The Saturday after Christmas, I asked my husband to wake up with the kids while I slept in. But he shook me awake as a text buzzed through his phone. His best friend from grade school (whose wife had become one of my best friends) pleaded for prayer. His daughter, Fastina, was rushed to the emergency room and he was afraid she wouldn’t make it. Jeff ripped off my blankets and barked, “Get dressed! We’re going to the hospital.” Minutes after stepping on the post-op floor, a nurse led me to a room where my dear friend clutched her daughter. She was dead. At the age of 21. I was too stunned to cry. I wrapped my arms around my friend who collapsed in my arms and sobbed. The seconds that ticked by felt like an eternity.
Fastina Derestil was anything but ordinary. She was a survivor born in Haiti who moved to America where she survived two open heart surgeries. She was a radiant beauty with a raucous laugh. She was a beloved wife who birthed a beautiful baby boy two weeks prior to her passing. She was extraordinary. My husband had the privilege of documenting her milestones in photographs. And as we pored over pictures of her high school graduation, her wedding, her baby…I felt my chest get tight that this precious life was no longer. And I thought to myself, “I’ll bet her mother would give anything to hear that laugh again. To give her hand a squeeze. To say ‘hey’ on the phone.”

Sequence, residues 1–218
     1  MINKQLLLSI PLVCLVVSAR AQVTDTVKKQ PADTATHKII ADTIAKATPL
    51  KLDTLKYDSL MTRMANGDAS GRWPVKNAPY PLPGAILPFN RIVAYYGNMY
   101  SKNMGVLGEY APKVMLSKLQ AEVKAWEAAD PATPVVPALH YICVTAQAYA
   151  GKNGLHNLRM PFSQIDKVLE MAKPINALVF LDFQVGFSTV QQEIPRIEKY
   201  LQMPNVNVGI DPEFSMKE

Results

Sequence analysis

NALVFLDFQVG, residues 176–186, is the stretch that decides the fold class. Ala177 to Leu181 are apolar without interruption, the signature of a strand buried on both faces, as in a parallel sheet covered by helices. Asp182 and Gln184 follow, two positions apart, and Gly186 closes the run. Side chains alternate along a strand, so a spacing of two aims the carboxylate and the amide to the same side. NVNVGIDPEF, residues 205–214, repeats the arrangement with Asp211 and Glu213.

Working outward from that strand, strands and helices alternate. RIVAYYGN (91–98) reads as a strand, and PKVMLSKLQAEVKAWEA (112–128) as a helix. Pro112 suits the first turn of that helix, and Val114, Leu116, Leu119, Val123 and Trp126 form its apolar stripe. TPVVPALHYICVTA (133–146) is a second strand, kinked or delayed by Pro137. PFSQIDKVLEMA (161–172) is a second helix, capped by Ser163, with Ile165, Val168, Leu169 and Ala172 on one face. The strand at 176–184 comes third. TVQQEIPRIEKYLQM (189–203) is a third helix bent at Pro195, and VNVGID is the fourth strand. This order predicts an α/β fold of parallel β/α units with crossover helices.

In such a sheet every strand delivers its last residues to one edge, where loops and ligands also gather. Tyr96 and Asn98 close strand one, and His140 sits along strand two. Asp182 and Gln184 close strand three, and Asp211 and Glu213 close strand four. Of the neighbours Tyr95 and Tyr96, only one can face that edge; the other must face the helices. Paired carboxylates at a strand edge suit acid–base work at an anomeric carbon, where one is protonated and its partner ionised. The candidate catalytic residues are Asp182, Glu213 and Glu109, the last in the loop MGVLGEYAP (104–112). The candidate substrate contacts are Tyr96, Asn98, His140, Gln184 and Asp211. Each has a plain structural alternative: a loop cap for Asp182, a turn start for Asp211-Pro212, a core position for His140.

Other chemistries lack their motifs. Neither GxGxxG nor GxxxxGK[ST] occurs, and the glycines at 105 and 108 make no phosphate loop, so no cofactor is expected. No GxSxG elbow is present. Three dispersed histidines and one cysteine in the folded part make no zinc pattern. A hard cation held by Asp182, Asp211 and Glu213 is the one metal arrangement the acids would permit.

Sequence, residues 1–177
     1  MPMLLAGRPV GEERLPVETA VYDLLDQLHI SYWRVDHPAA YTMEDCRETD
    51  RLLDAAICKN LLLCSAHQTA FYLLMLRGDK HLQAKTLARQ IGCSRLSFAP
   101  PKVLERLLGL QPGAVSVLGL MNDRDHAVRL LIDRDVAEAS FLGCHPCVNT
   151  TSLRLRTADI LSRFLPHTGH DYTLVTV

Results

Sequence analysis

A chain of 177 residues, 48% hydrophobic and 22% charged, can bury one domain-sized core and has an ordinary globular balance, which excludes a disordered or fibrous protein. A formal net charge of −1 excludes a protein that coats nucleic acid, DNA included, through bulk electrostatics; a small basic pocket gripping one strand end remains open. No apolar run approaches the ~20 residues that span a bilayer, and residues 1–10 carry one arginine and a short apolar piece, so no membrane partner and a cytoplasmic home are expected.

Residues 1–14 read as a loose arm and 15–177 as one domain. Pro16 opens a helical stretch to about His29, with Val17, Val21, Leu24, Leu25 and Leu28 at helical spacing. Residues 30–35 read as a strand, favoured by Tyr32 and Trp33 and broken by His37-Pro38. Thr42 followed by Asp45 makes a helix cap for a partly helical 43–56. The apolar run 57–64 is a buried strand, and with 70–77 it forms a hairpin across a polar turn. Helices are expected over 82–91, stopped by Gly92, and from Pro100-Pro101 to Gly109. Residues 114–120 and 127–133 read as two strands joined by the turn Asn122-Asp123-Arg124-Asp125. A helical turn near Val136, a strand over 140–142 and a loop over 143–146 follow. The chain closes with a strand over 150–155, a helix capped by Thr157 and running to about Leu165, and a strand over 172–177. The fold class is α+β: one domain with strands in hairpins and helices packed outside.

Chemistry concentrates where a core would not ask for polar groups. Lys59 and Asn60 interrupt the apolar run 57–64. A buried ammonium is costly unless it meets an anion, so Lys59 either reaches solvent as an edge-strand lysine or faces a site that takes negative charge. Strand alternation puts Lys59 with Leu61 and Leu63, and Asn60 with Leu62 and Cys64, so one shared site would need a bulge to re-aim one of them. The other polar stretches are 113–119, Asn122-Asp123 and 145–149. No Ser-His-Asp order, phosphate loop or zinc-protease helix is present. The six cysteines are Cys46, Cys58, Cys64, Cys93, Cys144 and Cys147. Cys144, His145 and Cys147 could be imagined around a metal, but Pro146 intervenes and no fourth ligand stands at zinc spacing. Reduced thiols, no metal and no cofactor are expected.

We live for the big moments. Week-long family vacations to Florida. Christmas Day. Birthdays. But it’s those ordinary moments we complain about and yet miss the most when our kids grow up, when they move on, when they’re no longer…Fastina’s passing woke me up. I want to memorize the way my daughter’s face scrunches when she’s trying to sneak a candy cane from the cabinet…I want to read “Go, Dog Go!” over and over to my son and hear his high-pitched voice read the words with me…I want to savor the simple stuff of life.
I started a journal for each of my kids and every night before I go to bed I try to jot a little entry in each one. For my son the other night, I wrote, “You asked to ‘get snug’ with Mommy and read the story of Noah’s Ark. You asked for a pet giraffe. Good luck. Daddy won’t even let you have a goldfish.” For my daughter today I wrote, “You asked for three pieces of quiche at breakfast today! I’ll bet you could be a contender for that hot-dog eating contest on Coney Island someday!”
How can you honor the ordinary?